The Company’s cumulative adjusted EPS over this 3-year period was $15.17. Based on this level of achievement, the Committee certified a payout equal to 137% of target which was paid on February 28, 2020, as set forth in the following table:
Named Executive Officer
Cash Payment
Value of Performance-
Based Restricted Stock Unit
Settlement(1)
Total Value Delivered
Edward J. Wehmer $ 1,260,400 $ 933,579 $ 2,193,979
David A. Dykstra $ 395,588 $ 292,962 $ 688,550
Richard B. Murphy $ 272,288 $ 201,576 $ 473,864
David L. Stoehr $ 227,335 $ 168,320 $ 395,655
Timothy S. Crane $ 215,775 $ 159,778 $ 375,553
(1)
The NEOs received shares as follows: Mr. Wehmer 17,377; Mr. Dykstra 5,453; Mr. Murphy 3,752; Mr. Stoehr 3,133; and Mr. Crane 2,974. The value ascribed in the table above was derived based on the $53.725 fair market value of a share of Common Stock on February 28, 2020, the date these awards were settled.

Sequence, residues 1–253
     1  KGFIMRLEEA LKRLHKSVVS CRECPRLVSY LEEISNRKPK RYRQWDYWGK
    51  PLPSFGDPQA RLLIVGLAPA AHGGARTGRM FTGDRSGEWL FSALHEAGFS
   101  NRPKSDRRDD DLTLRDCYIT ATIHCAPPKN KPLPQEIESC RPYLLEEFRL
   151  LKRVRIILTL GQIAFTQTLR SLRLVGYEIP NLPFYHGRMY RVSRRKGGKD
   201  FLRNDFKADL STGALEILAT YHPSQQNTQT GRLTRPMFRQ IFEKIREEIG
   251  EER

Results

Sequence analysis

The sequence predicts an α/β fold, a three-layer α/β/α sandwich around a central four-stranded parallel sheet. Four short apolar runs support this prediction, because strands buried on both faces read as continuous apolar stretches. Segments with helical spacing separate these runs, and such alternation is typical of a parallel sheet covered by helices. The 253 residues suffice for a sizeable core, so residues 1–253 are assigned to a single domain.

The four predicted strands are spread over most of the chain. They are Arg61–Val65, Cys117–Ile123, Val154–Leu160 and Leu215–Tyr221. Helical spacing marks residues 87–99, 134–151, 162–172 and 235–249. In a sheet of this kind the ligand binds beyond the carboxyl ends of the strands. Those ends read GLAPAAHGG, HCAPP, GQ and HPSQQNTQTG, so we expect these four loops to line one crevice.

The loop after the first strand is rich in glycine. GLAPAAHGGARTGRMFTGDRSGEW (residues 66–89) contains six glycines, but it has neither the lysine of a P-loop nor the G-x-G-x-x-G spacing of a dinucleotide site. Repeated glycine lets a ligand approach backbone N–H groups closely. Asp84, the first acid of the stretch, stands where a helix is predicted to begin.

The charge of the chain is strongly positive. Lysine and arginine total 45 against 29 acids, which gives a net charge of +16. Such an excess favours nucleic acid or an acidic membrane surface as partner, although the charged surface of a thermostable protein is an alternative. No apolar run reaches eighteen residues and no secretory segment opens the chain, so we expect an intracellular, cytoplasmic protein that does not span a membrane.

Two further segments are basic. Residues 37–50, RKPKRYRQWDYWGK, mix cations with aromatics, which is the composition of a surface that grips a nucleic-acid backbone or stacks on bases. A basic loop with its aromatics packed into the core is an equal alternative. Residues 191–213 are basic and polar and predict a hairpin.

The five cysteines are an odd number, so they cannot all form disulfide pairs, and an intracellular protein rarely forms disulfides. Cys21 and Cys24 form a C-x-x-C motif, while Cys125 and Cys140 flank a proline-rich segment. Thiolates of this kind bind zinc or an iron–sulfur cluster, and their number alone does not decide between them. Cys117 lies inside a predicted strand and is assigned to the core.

Perquisites and Other Benefits
Our NEOs receive modest perquisites provided by or paid for by the Company that the Committee believes are reasonable, competitive and consistent with the Company’s overall compensation philosophy. In 2019, these perquisites included: car allowances or Company-owned automobiles; club dues; life insurance; and supplemental long-term disability. Our NEOs were also eligible for a 401(k) employer matching contribution on the same terms as all other employees of the Company.